Abstract 2998: Elevated Fasting Glucose in Non-Diabetic Persons is Associated with Increased Left Ventricular Mass and Wall Thickness in Women but Not Men: The Framingham Heart Study
INTRODUCTION: Elevated left ventricular (LV) mass and wall thickness (WT) are associated with excess cardiovascular morbidity and mortality. Diabetes and impaired glucose tolerance are associated with increased echocardiographic WT, but the relationship between elevated fasting glucose (EFG), in the absence of diabetes, and volumetric LV mass is not well characterized. We used cardiovascular magnetic resonance (CMR) to determine LV mass and WT in a longitudinally followed cohort strictly free of hypertension (SBP<140 mmHg, DBP<90 mmHg on all examinations), diabetes and clinical cardiovascular disease who were stratified by fasting glucose.
METHODS: 799 subjects (308 men) meeting the above entry criteria underwent CMR using an ECG-gated multislice SSFP sequence encompassing the LV in the short-axis orientation. Volumetric LV mass was determined using a ``Simpson’s rule” method of disks approach; septal (SWT) and inferolateral wall thicknesses (IWT) were measured from the short-axis slice just basal to the papillary muscle tips. EFG was a fasting glucose >100 mg/dl.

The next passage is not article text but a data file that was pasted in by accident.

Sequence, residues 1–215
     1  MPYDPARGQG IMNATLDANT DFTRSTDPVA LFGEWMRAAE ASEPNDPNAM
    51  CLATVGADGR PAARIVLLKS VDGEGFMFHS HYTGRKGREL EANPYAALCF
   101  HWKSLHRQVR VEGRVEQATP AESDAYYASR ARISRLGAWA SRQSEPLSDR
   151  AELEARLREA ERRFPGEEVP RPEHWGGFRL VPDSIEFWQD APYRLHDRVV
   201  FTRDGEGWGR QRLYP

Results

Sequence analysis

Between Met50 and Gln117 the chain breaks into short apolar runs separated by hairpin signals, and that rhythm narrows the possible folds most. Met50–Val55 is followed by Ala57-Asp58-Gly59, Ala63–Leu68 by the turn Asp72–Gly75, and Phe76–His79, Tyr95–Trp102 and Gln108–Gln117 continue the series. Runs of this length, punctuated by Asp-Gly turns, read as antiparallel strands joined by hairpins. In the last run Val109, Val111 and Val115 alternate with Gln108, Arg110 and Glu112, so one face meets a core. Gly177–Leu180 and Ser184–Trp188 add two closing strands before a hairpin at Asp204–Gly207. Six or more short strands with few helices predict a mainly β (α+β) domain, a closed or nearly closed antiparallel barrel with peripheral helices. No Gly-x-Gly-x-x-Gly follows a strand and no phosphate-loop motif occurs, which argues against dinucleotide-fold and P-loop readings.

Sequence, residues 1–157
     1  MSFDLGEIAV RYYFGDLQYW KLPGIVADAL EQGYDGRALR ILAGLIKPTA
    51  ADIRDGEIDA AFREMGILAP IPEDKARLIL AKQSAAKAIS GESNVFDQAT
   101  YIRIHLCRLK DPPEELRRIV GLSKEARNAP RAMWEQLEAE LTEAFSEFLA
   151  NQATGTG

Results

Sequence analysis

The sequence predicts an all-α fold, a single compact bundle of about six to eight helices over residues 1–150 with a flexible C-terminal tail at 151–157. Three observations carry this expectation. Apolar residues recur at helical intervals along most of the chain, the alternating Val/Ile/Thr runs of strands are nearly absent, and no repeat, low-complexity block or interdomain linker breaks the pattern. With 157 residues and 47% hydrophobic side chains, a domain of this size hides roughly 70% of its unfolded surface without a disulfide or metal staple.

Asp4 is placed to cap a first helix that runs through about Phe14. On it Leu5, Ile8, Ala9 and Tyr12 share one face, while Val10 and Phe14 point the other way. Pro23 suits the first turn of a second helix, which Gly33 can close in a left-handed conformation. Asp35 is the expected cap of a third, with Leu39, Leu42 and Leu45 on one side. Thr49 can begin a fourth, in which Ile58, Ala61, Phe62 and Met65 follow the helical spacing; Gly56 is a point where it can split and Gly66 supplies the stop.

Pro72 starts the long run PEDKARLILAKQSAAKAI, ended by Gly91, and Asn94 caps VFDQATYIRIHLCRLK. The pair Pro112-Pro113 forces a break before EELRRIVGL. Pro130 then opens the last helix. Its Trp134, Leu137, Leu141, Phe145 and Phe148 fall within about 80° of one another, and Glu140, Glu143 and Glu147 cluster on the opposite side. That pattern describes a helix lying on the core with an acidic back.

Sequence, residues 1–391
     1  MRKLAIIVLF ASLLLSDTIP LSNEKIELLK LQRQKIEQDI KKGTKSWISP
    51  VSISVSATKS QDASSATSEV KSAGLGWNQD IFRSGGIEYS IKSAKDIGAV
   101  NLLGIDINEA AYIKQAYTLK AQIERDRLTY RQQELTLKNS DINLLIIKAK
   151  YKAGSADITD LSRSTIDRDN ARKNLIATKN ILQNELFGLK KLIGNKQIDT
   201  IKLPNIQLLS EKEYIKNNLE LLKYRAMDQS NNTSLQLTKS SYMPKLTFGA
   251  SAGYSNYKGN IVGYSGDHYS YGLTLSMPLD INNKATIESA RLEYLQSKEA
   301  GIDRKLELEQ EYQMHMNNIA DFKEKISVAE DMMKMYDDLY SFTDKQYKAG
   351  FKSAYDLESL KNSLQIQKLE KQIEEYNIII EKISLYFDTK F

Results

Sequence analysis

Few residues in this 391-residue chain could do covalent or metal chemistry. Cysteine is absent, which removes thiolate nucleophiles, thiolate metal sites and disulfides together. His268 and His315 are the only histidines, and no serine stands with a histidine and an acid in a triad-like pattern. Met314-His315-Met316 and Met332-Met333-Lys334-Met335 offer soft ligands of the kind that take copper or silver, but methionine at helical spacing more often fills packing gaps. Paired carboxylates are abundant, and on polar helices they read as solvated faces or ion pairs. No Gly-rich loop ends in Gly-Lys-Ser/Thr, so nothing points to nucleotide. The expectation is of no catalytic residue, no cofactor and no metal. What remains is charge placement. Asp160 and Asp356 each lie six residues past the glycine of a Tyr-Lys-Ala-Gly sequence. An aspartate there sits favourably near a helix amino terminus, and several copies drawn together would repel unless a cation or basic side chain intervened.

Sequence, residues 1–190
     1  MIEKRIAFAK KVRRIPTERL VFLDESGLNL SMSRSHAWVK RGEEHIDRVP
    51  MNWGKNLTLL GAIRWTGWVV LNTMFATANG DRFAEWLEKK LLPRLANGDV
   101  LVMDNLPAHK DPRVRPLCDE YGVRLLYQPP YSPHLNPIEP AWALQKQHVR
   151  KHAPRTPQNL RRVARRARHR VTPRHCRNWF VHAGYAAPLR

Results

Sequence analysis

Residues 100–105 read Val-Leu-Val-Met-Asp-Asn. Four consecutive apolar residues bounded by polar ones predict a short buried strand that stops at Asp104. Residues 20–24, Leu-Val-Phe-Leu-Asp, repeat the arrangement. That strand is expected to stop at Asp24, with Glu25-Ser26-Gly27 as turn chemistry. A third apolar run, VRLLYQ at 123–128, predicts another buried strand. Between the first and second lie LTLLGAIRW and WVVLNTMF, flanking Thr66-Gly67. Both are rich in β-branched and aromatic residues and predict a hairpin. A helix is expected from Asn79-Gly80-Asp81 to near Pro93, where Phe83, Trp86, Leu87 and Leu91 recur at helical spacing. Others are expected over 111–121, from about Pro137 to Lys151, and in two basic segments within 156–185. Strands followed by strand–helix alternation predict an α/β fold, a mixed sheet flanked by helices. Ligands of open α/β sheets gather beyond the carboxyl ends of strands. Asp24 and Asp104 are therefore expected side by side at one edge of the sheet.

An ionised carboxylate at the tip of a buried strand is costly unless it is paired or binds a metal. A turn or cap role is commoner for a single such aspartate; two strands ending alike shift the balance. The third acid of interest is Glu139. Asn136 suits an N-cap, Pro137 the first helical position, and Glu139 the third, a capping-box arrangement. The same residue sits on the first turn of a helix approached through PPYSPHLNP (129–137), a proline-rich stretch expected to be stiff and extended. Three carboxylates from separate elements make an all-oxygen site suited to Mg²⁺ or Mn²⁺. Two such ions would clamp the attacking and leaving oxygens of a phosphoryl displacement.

RESULTS: 300 subjects (134 women, 166 men) had EFG (101–125 mg/dL). EFG subjects were older (men: 62±8 vs. 60±8 years; women: 63±8 vs. 61±8, p<0.05 both) than non-EFG subjects. Women with EFG had greater LV mass and WT (Table⇓) and these differences persisted after adjustment for age and SBP, which was higher in EFG women (116±12 vs. 113±11 mmHg). LV concentricity, defined as RWT = IWT/LV end-diastolic radius, did not differ between EFG and non-EFG women. There were no differences in LV mass, WT or RWT between EFG and non-EFG men.
CONCLUSIONS: Elevated fasting glucose is associated with greater LV mass and WT in women; this association persists after indexation to height (HT) and allometric powers of height, and after adjustment for age and SBP. There was no association between EFG and LV mass or WT in men. The apparent gender-specific relationship between EFG and excess LV mass requires further investigation.